The answer to a legend may have been solved here and it took the deaths of two of the main characters of a popular kid's show from 1922 through 1944 to prove it.
We have always thought and been told by old timers that George McFarland, who was born in Denison, played the part of Spanky, the little fat kid in the “Our Gang” comedy series. Information has surfaced in an article in the Toronto, Ontario, National Post from Dec. 7, 1999, that says Harold Wertz, who was 72 years old when he passed away, was one of several children who played the “little fat kid in Hal Roach's comedies.”
Actually, Wertz was born in Denison on Aug. 2, 1927. According to a posted copy of his birth certificate found by our friend Jim Sears on the internet, Wertz' parents were Harold Eugene Wertz and Thelma Goldston Wertz, who were living at 623 South Armstrong at the time of his birth. His dad was a coach at Denison High School and he was delivered by Dr. Alex W. Acheson.
Wertz played “Bouncy,” the chubby little boy in two reel shorts and was never as well known as some of the other children, like Darla Hood, William “Buckwheat” Thomas, Jackie Cooper and Carl “Alfalfa” Switzer. He appeared in only three of the 221 films that ran from 1922 to 1944, according to the article, although the series was published later as The Little Rascals.
But Wertz had a standard place in the cast as the “fat kid,” following Joe Cobb, then Norman “Chubby” Chaney, who were rotated out of the series as they grew larger.
Wertz's successor became the series' most famous chubby character. George “Spanky” McFarland, who joined the cast as a toddler and later grew into the fat kid role. McFarland proved to be the most durable of the fat kids, appearing in 95 “Our Gang” comedies over 11 years.
McFarland is the kid we thought all these years to have been born in Denison, but the truth according to an obituary published in the Greenville Herald Banner is that he was born in Delta County on March 17, 1931, a son of A.E. McFarland and Evelyn Raye Overstreet McFarland.
According to the obit, he never lived in Denison, but he was the last and best-known of the group. Laura Nieto commented in a Facebook piece that McFarland had a grandmother who lived on Morgan Street and he would visit her. She remembered that her mother, who grew up there on Morgan Street, talked about skating with him when he was here to visit his grandmother.
There still is a mystery about McFarland and when he passed away. The Greenville Obituary said he died in 2018 and the National Post listed his death as 1993. If we have the wrong George McFarland — the one who died in 2018 — there possibly still is a mystery among the characters.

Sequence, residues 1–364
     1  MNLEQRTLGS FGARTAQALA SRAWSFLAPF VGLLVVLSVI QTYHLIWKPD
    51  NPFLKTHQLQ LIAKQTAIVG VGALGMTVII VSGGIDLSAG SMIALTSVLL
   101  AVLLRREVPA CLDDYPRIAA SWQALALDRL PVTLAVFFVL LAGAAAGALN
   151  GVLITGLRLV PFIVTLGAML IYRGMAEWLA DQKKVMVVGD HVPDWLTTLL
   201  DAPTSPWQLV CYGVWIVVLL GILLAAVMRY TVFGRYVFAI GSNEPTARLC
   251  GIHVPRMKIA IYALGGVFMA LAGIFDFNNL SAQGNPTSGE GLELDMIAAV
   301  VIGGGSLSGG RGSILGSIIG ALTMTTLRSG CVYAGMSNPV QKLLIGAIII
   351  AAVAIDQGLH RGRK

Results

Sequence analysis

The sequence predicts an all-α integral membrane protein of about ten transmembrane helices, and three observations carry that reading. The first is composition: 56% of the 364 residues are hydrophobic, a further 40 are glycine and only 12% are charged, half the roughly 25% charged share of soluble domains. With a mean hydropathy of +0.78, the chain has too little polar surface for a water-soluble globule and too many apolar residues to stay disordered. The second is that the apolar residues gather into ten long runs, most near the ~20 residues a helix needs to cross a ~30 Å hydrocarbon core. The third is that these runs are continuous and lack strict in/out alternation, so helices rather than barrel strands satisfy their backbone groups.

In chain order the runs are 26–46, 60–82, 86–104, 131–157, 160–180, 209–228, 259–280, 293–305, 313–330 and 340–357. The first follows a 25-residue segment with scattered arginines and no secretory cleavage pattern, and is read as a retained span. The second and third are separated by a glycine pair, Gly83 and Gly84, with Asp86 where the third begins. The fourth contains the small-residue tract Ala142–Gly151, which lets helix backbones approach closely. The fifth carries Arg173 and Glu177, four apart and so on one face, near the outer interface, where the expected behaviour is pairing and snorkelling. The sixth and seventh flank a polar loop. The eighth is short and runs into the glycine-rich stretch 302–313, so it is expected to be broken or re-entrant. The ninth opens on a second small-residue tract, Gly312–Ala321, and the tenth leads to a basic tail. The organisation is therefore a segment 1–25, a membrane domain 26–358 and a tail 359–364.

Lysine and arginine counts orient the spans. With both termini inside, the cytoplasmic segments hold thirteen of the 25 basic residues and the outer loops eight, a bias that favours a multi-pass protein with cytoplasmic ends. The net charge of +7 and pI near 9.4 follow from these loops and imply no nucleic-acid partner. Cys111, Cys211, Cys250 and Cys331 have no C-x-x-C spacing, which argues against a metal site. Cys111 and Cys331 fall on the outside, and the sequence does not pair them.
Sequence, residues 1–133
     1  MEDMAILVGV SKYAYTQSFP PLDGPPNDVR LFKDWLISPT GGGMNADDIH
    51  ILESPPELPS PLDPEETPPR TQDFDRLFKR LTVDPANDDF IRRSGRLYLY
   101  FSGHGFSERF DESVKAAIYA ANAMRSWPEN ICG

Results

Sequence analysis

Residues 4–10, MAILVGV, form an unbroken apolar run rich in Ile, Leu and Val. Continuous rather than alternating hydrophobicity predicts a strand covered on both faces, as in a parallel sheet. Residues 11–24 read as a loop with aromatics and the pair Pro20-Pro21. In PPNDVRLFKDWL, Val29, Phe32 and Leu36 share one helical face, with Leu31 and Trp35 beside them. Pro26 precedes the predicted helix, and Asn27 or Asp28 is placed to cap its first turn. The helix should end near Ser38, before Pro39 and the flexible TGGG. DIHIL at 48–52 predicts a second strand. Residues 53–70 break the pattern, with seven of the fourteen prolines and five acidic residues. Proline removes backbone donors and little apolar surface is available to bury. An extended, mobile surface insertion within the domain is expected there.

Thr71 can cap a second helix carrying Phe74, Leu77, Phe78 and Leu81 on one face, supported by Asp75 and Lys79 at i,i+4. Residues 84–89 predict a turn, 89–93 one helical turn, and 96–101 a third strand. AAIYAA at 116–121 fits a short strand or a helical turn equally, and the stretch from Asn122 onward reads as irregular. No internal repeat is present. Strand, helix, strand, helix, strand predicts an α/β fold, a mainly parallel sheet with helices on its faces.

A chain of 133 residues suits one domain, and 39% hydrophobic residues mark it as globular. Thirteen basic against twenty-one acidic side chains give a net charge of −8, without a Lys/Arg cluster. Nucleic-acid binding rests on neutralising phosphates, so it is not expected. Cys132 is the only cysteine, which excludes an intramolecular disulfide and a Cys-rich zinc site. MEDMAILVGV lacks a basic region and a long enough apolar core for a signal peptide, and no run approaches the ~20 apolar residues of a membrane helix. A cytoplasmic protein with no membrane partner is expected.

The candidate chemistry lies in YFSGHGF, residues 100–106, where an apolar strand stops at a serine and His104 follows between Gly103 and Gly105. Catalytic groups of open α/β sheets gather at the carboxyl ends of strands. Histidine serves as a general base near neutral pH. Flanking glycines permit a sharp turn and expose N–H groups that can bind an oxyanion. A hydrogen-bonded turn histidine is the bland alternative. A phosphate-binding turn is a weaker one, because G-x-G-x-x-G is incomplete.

Wertz was raised in Long Beach, California, and was cast in the comedy series in 1931 after his mother heard that Hal Roach was needing a new fat kid as Chubby Chase grew too old. Mrs. Wertz sent her son's picture to Mr. Roach, who had her bring the boy in for a screen test. He won the role over hundreds of other applicants, but he didn't continue in show business. After high school, he joined the Merchant Marines and served during World War II. Back in California, he founded and operated a pipe company in Long Beach that remains a family business.
I received a letter recently from Delmas Northcutt of Denison who was raised in Willis, Oklahoma, on the north side of the Red River. This letter was the second one sent since the first one got lost in transit and didn't make it to my house. After reading about the German Prisoner of War Camp north of Denison, he recalled that there was also a POW camp on the north side of Willis in the Powell community.
He said the prisoners cleared brush and trees by the river where Lake Texoma would cover when it filled with water. He said they were paid for doing the work so it was not “slave” labor. Every weekday he saw two truck loads of prisoners go by his house heading to the bottom land west of Willis. There also was a truck of guards, but the prisoners were trustees and didn't give the guards any trouble.
Both his parents taught school at Willis and his dad got a job working at the POW camp every evening when school was out until well after dark. Delmas would go with him almost every day and play around the camp in the prisoner's compound. He said he got to know many of the guards and a few of the prisoners. His dad worked at a desk in the garage where truck repairs were made. Some of the prisoners worked there and Delmas got to know them.
He said there were around 600 prisoners in the camp. He would attend the USO shows and other entertainment. He took his bicycle with them and when his dad was working, he rode it all over the camp.
Donna Hunt is former editor of The Denison Herald. She lives in Denison and can be contacted at firstname.lastname@example.org. She has been a longtime contributor to the Herald Democrat with her columns. The views and opinions expressed here are the author's own and do not necessarily reflect those of the Herald Democrat.